Part Five: "The Control Machine"

The control machine provides the important means for the dispatcher to monitor wayside conditions and to initiate the control codes thru push buttons and levers. The control codes are sent to the field equipment via the code line to control the corresponding signals, switches, and electric locks. As with most, if not all aspects of railroading the control machine is as unique as the prototype railroad. Union Switch and Signal Company (US&S) of Swissvale Pennsylvania manufactured hundreds of its type “C” 500 series machines for many North America railroads.

The prototype control machine was constructed of steel. It was approximately 54 inches high and 16 inches deep. At the option of the customer US&S would furnish the machine with or without a desk. These machines were composed of standard sections that were either 30 inch and /or 60 inches long. These sections were constructed so that if the size of the installation requires, a number of these sections could be placed end to end or in a configuration such as rectangular or hexagonal shape, for more ready manipulation. With any of the above arrangements of sections the appearance was that of one integral unit.

On the front of the machine above the desk top are located the control levers, code starting push buttons and indication lamps for both train occupancy, switch, and signal functions. This section of the machine consists of a number of similar rows that are assigned to a specific field location. Each row is uniformly spaced at 2 inch centers throughout the length of the machine. The 30 inch cabinets have 15 rows, and the 60 inch cabinets have 30 rows that start 1 inch in from the cabinet’s edge.

Each row may consists of a two-position switch control lever with two indication lamps directly associated; a three-position signal control lever with three indication lamps directly associated; a spring return type push button or a two-position toggle switch for the control of a “calling on” signal; a spring return type push button for initiating the control code to the field equipment; and a two-position toggle switch for control of the “maintainer call” lamp and/or horn at each field location with one indication lamp associated.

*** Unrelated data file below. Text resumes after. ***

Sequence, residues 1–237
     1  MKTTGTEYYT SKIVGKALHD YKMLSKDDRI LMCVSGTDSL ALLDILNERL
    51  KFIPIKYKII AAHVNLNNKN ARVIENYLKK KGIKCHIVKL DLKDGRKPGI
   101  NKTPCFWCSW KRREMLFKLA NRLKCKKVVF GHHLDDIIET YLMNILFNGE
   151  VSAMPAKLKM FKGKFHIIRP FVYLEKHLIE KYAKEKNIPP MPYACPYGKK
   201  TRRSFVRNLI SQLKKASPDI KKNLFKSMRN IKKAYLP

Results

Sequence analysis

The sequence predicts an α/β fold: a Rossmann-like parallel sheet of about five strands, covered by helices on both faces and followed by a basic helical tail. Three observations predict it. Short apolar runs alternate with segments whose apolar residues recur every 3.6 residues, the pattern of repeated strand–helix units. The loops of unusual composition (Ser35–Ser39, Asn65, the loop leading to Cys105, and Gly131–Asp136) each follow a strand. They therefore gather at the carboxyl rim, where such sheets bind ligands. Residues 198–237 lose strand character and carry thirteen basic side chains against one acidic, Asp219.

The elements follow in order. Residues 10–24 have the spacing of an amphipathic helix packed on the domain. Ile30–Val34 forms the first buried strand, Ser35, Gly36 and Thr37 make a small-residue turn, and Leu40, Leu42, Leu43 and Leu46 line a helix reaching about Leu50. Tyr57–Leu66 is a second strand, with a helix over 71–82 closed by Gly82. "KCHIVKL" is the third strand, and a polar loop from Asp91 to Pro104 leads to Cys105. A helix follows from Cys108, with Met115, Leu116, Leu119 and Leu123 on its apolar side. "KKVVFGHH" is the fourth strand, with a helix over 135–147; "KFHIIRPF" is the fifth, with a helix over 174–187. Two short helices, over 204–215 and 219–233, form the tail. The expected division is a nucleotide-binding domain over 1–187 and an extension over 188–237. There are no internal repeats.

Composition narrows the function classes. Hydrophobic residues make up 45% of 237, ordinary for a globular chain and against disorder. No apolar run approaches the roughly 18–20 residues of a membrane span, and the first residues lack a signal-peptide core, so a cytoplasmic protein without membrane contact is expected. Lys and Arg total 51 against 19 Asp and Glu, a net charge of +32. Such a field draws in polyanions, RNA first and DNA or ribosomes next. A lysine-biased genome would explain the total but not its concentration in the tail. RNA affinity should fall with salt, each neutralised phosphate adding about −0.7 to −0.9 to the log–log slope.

The track occupancy indication lamps (both intermediate and OS track occupancy track lights) are located in the track diagram extending across the control machine above the control levers. A single stroke bell is provided for audibly announcing of train movements at each interlocking and sounding the approach to the CTC territory.

Figure 16, illustrates a standard US&S type CTC machine and the function of each device: 

Track Model Board:

The track model board shows a simplified representation of the physical track layout. Solid track indicates that the signal system protects that portion of track. Outlined track indicates non-signal protected track. All controlled signals, switches, intermediate signals, and electric locks are shown on the track model board. Above each interlocking is the timetable station name of that location. Traffic, detector, and intermediate track occupancy lamps are also located on the track model board.

OS Track Light:

The OS or interlocking track light indicates train occupancy with interlocking limits (see part 1 for more information on interlocking limits) i.e., between the interlocking home signals. . A single stroke bell is provided for audibly announcing of train movements through this circuit. When this circuit becomes occupied the train dispatcher will show on his train sheet that this train is “on sheet” (OS) by the location that corresponds with that particular circuit.

A two-position push-pull latching button is provided to cut out this audible indication for the OS track ONLY. This bell also sounds on the “approach” of a train to the CTC territory on each side of the machine. This function can be cutout by uses of a second push-pull latching button or a spring return type push button for “Approach Bell Alarm Cutout”.

Intermediate Track Light:

Intermediate track lights indicate train occupancy between interlockings, on the main and/or side track. They will also illuminate if an automatic electric lock is open and/or a slide detector fence is tripped in the block in question.